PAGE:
War of the Rebellion: Serial 027 Page 0652 OPERATIONS IN N.VA., W.VA., MD., AND PA. Chapter XXXI.

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Question. Where were those batteries?

Answer. They were to the front and right, the three that I worked on. The batteries to my left were a little out of my range. Captain Potts was between me and them, and he attended to them.

By General WHITE:

Question. Were their batteries, in your judgment, sufficient in number and their positions such as to enfilade our lines upon Bolivar Heights, and also to deliver a flanking fire on both our flanks?

Answer. Yes, sir; that is my view of it


Question. Do you know why it was that the supply of ammunition was so short at Harper's Ferry/

Answer. I do not; that is a question I could not answer.

By the COURT:

Question. Had requisitions ever been made by you previously for supplies of ammunition?

Answer. No, sir. I came there with a full supply for my battery.

Question. How many rounds?

Answer. I had 600 rounds. I came with a six-gun 24-pounder howitzer battery, and I came there with 100 rounds to the gun. When I came there I required for ammunition, and was told there was a plenty there. When it became short I made inquiries-I made a personal inspection, and was told there was none.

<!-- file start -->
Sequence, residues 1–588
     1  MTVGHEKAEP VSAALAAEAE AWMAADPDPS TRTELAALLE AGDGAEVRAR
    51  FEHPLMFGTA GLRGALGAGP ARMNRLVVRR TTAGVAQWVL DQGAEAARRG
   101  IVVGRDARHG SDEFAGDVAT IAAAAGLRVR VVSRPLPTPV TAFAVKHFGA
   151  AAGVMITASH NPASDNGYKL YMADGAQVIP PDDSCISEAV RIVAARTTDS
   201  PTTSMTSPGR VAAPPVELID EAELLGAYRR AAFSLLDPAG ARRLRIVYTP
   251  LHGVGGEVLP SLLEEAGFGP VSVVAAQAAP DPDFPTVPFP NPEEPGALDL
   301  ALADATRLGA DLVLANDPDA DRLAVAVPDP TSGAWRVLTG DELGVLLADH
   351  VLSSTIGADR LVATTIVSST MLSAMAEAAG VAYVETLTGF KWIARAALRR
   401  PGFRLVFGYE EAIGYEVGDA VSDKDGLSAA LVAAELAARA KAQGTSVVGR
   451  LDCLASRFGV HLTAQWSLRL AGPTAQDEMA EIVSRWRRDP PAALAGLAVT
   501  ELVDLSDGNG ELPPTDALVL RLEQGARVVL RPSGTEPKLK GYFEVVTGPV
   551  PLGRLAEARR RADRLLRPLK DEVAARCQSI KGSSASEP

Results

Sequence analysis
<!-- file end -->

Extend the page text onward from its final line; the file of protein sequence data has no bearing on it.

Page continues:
Question. Did you ever make an ammunition return to the ordnance officer?

Answer. I made several ammunition returns there.

By General WHITE:

Question. You say you made a personal inspection for ammunition?

Answer. Yes, sir; at the wagons that were to supply us.

Question. Did you expend all those 600 rounds at that siege?

Answer. Yes, sir; with the exception of the canister.

By the COURT:

Question. Do you know that any of the enemy were killed or wounded during the siege of Harper's Ferry?

Answer. I was told by some of their own men, whom I was in conversation with, that they were cut up tolerably badly on the front. We were not allowed to go out on the grounds to see anything.

Question. Did you ever ask any intelligent officer as to the effect of your own fire on the enemy?

Answer. Yes, sir; I conversed with several in relation to it. They told me that my battery had to be taken if it cost a thousand lives; that they had two brigades in line to charge it at the time of the surrender; we could see their lines very distinctly.

By General WHITE:

Question. Was it two brigades or two divisions?

Answer. Two brigades, I understood; it might have been two divisions. I would say in relation to whom I received my orders from, that until Sunday afternoon and Monday morning I received them from Colonel Miles. I said also that I had a six-gun battery. I had two guns brought up; after I had expended the ammunition for two of the guns, I had two Parrott guns brought up. I had six guns at work all the time.